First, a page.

It is an offence in Hong Kong for a person to distribute to the public in Hong Kong advertisements, invitations or documents for a collective investment scheme which has not been authorised by the SFC, unless an exemption applies. A collective investment scheme is defined broadly to include investment products of a collective nature, which is likely to include most private equity funds.
An exemption to the general prohibition of financial promotion of a collective investment scheme exists where such financial promotion is made only to professional investors. Professional investors are defined to include certain intermediaries, banks, insurance companies, funds and high net worth individuals having an investment portfolio of not less than HK$8 million (or equivalent in foreign currency). Alternatively, if the offer to invest is made to no more than 50 persons and there is no public advertisement or any form of publication of the offering at all, an exemption may also apply. Certain other exemptions may also apply.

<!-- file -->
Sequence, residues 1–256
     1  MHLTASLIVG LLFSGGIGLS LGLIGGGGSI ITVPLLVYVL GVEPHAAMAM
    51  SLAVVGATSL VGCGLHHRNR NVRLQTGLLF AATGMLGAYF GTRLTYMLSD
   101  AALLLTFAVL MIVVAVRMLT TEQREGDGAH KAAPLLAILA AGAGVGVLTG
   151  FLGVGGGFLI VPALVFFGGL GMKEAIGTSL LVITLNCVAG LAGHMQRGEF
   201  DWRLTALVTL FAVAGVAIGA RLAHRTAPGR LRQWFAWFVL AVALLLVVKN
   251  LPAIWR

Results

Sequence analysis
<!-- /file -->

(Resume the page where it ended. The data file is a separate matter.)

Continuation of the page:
There are no regulatory restrictions or requirements on the types of investors who are permitted to invest in private equity funds. However, private equity funds often impose their own requirements, such as a minimum commitment amount and qualification as a professional investor, so that the fund can potentially qualify for the exemption from the requirement to register as a collective investment scheme (see Question 9).
The relationship between the investor and the fund is usually governed by the limited partnership agreement. Typical investor protections in limited partnership agreements include: